The overall consensus is that this is a feature that would be very helpful in PostgreSQL, something I believe as well. The patch rejection is also a great testament to the degree of peer review in the community that goes into security-critical code paths. I expect that sooner or later, this feature will be included with appropriate safety measures in place, and I hope it is resubmitted sooner rather than later.
Allows database-specific role memberships
In PostgreSQL, roles (which include users) are global to an instance of PostgreSQL (called a “cluster” in PostgreSQL terminology). This means that if you have several databases managed by the same PostgreSQL instance, the roles and role memberships are common throughout all databases.
One major difficulty in writing multi-tenant applications which use databases as the tenant boundary is that if you assign a user with a role in one database, this occurs in all databases. For example, if you have an accounting application and you have a user “chris” who has different permissions in three different databases on the same server, you cannot use a simple, consistent set of roles to manage database permissions.
One solution to this problem (which we did when I was building out such a system in LedgerSMB) is to create different roles on each database, including, for example, the database name in the role name. This leads to a certain degree of complexity and makes the role names harder to read. Another option would be to limit users to a single database. This adds complexity in a different place.
A proposed patch would allow the ability to grant role permissions only on a specific database. For multi-tenant applications, this would be a game changer. The patch was near acceptance when there was some further discussion on documentation. It needed to be rebased and corrected, and the initial submitter did not reply in a timely manner. This can happen—people can become busy or unavailable for one reason or another, and patches can end up temporarily orphaned.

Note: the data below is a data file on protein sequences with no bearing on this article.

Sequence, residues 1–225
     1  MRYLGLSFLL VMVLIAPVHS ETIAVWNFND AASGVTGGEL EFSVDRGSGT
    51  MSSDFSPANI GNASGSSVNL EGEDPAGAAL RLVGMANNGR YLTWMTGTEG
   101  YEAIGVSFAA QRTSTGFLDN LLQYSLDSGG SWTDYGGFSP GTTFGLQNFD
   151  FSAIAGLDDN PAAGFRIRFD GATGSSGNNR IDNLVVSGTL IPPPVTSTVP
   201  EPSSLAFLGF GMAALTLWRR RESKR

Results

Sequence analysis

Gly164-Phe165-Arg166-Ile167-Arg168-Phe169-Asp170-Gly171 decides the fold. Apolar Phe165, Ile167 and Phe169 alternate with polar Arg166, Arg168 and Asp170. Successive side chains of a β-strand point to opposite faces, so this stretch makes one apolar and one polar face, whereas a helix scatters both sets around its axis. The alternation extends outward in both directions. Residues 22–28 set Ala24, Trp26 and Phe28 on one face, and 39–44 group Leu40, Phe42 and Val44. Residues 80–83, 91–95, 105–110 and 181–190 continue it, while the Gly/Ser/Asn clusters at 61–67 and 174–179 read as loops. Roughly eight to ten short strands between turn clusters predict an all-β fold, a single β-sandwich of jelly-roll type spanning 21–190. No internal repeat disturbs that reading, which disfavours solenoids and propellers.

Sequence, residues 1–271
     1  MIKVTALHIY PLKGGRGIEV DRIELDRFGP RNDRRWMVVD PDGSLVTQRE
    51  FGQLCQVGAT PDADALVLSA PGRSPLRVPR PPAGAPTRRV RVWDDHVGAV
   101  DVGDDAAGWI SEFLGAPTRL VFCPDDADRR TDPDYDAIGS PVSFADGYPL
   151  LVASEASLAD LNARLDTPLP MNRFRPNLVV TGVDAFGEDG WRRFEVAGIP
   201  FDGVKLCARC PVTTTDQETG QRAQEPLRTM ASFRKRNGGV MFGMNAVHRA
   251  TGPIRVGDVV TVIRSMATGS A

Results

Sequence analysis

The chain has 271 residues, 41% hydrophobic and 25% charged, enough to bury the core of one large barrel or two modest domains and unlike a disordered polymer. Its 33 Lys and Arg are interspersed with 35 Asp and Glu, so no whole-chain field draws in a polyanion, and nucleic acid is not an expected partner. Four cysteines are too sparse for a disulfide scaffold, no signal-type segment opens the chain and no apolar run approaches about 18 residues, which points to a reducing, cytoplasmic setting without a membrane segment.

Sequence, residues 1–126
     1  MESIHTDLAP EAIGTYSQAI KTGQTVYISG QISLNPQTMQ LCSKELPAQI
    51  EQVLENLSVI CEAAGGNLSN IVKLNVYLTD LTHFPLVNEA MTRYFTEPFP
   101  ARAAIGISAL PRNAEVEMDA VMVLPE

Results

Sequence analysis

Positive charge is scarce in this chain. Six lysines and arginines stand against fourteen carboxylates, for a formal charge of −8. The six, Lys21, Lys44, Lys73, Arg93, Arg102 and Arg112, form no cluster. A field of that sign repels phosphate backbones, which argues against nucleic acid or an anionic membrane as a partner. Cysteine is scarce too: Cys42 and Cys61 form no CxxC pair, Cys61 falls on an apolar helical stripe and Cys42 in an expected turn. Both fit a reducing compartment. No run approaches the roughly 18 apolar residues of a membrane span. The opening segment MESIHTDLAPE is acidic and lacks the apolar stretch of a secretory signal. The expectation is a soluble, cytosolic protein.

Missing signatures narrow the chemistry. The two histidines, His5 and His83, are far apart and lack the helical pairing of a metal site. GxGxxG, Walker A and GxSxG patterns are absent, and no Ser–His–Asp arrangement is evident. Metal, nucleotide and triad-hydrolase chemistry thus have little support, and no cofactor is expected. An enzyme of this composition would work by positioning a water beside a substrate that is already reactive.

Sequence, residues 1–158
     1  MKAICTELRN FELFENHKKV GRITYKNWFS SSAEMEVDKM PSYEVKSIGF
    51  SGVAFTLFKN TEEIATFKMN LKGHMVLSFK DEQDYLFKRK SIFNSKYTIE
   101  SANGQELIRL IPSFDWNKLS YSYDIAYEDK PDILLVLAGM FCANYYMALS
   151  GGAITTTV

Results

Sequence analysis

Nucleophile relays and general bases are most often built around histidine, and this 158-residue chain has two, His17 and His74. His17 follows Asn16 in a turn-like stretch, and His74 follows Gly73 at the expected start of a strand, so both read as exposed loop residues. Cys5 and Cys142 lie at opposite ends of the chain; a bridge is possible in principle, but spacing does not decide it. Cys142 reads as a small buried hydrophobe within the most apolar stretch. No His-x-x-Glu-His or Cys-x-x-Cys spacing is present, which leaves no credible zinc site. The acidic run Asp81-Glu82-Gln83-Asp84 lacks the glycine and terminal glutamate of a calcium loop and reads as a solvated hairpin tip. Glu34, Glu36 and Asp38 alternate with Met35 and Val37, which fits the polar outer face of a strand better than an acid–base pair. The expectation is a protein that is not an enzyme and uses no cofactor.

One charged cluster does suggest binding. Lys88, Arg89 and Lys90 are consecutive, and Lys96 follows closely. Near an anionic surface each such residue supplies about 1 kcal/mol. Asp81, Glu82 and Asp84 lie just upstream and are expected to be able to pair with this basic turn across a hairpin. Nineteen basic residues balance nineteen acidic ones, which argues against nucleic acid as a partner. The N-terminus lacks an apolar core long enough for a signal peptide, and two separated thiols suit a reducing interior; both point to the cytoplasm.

Given the general utility of this patch for multi-tenant applications, I would like to see this fixed and resubmitted sooner rather than later.
The patches discussed here represent small but useful steps forward for PostgreSQL. These and many others make PostgreSQL a database that is improving significantly with each major release.
Commitfests such as these provide great insight into this process, the review that patches undergo, and how PostgreSQL keeps moving forward.
That’s one of my favorite things about PostgreSQL: it’s a database that is significantly improving with each major release. If you want to add even more functionality to PostgreSQL, explore TimescaleDB—it extends PostgreSQL with things like automatic time-based partitioning and indexing, continuous aggregations, columnar compression, and time-series functionality. And if you’re using a managed service for PostgreSQL, try Timescale—it’s free for 30 days, no credit card required.